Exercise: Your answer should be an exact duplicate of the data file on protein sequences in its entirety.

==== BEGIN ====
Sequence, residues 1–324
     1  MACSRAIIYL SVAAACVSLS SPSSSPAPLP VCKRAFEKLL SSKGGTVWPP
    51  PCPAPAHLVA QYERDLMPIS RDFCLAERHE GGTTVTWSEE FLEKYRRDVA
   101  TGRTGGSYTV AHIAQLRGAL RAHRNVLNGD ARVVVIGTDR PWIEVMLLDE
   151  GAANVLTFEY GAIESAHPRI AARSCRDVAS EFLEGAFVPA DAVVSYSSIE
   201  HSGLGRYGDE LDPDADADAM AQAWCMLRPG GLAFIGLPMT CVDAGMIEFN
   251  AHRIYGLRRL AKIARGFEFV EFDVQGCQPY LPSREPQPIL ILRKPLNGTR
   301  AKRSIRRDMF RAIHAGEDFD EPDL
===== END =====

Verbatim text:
Sequence, residues 1–324
     1  MACSRAIIYL SVAAACVSLS SPSSSPAPLP VCKRAFEKLL SSKGGTVWPP
    51  PCPAPAHLVA QYERDLMPIS RDFCLAERHE GGTTVTWSEE FLEKYRRDVA
   101  TGRTGGSYTV AHIAQLRGAL RAHRNVLNGD ARVVVIGTDR PWIEVMLLDE
   151  GAANVLTFEY GAIESAHPRI AARSCRDVAS EFLEGAFVPA DAVVSYSSIE
   201  HSGLGRYGDE LDPDADADAM AQAWCMLRPG GLAFIGLPMT CVDAGMIEFN
   251  AHRIYGLRRL AKIARGFEFV EFDVQGCQPY LPSREPQPIL ILRKPLNGTR
   301  AKRSIRRDMF RAIHAGEDFD EPDL